Also, someone I knew previously but heard read for the first time, Tyrese Coleman. She read both from her own book How to Sit and from the collection of flash fiction by people of color (edited by Megan Giddings), Forward: 21st Century Flash Fiction. Both readings were knockouts.
Is there a piece of advice you’ve been given as a young writer and that you pass on to other newcomers in the business now that you are a published writer whose work is praised by many?
Always the advice is to read. To keep writing. Keep submitting. Get feedback on your work. Show up to the delicate balance of figuring out when to heed that feedback and when to chuck it in order to remain true to your own idiosyncrasies.
As a writer, is there a list of essentials that you cannot do without on a daily basis?
Time. To daydream. To wander archives. To start and stop sentences. Move a paragraph, then move it back. Put a manuscript in the proverbial drawer for a while. Think about it while looking out the window. Do you have a routine you turn to in order to replenish your energies and refocus?
I am big on walking in the woods as a way to clear my mind. What are your definitions of happiness and success?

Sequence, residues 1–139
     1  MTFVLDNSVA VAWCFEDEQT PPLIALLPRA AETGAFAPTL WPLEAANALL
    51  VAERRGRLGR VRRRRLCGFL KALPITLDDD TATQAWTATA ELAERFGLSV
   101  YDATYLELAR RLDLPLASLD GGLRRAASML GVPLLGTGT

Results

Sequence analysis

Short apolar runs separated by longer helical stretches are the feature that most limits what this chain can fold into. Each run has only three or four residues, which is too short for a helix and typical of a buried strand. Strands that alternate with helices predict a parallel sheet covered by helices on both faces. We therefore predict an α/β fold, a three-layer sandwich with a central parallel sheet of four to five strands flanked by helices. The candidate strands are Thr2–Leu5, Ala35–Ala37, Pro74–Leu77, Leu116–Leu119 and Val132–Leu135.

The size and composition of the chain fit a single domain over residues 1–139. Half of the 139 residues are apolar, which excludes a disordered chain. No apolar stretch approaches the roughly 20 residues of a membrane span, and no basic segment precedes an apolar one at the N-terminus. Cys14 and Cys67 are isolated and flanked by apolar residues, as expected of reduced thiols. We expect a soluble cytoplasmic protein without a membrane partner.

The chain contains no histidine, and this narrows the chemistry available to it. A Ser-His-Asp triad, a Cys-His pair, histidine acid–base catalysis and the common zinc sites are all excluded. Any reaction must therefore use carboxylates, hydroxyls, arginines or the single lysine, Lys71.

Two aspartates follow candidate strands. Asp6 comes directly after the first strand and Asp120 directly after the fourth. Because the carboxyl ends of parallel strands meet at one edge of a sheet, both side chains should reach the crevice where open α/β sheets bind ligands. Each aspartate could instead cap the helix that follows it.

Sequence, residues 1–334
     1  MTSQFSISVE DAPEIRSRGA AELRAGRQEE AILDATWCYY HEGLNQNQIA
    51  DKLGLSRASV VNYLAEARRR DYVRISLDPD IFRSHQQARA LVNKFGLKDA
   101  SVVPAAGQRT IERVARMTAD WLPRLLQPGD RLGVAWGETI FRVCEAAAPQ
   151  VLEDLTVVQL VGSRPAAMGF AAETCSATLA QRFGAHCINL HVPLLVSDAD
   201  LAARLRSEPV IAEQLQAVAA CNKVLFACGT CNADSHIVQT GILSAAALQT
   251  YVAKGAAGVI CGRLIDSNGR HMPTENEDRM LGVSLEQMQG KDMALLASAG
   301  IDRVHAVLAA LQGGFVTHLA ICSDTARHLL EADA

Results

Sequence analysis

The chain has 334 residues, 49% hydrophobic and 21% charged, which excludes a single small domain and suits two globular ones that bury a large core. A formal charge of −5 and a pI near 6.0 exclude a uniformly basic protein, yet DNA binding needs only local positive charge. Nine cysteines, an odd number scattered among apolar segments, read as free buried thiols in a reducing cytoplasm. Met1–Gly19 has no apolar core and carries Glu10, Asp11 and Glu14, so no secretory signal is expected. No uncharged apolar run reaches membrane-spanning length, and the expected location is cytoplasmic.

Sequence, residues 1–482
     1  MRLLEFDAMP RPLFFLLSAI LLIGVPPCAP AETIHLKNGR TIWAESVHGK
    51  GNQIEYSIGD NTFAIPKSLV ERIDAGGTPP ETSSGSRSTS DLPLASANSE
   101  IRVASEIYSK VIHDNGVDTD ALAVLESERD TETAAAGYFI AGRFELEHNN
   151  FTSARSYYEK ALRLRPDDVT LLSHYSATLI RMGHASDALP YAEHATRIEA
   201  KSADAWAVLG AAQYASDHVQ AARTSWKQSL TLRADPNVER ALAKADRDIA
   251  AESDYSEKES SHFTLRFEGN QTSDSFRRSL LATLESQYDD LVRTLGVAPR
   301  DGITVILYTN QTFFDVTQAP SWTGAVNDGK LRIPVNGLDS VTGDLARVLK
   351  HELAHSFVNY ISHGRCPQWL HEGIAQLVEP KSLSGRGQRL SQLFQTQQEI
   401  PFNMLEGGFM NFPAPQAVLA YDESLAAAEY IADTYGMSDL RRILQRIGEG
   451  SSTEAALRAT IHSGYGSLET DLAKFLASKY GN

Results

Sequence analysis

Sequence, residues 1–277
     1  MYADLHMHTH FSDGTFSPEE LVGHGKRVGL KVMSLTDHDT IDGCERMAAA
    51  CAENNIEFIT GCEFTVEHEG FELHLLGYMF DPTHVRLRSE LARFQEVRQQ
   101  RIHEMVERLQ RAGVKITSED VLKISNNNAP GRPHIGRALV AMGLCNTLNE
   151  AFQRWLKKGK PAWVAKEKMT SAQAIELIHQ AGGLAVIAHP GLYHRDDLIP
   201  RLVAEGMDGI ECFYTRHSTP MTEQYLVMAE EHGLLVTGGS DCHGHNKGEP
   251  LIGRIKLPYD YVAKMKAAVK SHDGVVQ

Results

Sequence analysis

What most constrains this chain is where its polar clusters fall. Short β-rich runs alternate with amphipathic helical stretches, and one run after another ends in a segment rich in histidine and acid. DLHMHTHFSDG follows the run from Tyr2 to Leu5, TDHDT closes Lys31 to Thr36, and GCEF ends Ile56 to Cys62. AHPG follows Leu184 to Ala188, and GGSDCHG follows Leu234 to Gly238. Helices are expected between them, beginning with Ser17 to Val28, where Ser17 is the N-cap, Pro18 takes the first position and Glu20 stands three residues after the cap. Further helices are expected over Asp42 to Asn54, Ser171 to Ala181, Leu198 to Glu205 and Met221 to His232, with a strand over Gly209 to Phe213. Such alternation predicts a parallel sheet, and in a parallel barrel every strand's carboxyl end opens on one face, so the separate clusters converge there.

I really want to avoid this one, so I'll push myself to give it a go.
There's the feeling of happiness, which can be a result of circumstances. Either internal or external circumstances – or both. By internal I mean brain chemistry, for example. Also, there's an attitude. I'm reminded of the Abe Lincoln motto that one is about as happy as one make's up one's mind to be. That's not entirely fair, or always fitting. See: brain chemistry. And also: circumstances. I think to tell someone or even a group of people who are being oppressed or experiencing trauma, for example, that they need to choose to be happy is bullshit. But, there is something to be said for choosing an attitude in certain circumstances that can foster something like contentment. It's too easy for me to default to irritation, or judgment. To be critical or malcontent. I do think I have the opportunity to choose, at times, and that it can be productive to interrogate my attitude to my life. As far as success, within the context of this interview about being a writer I'll say that satisfaction in the well-made thing is success. Or author Irina Reyn's “good enough.” The thing made that is good enough. I like that. Of course, it's nice when others think so, too. Add getting paid to the mix and we've got a trifecta. (See: selling my novel.) Would you like to share with us the funniest story you’ve heard lately? If only I could.
Cara Benson's stories and poems have been published in The New York Times, Boston Review, Best American Poetry, The Brooklyn Rail, Fence, and elsewhere. Author of (made), a collection of micro prose/prose poems, she received a New York Foundation for the Arts Fellowship and the bpNichol Award. www.carabensonwriter.com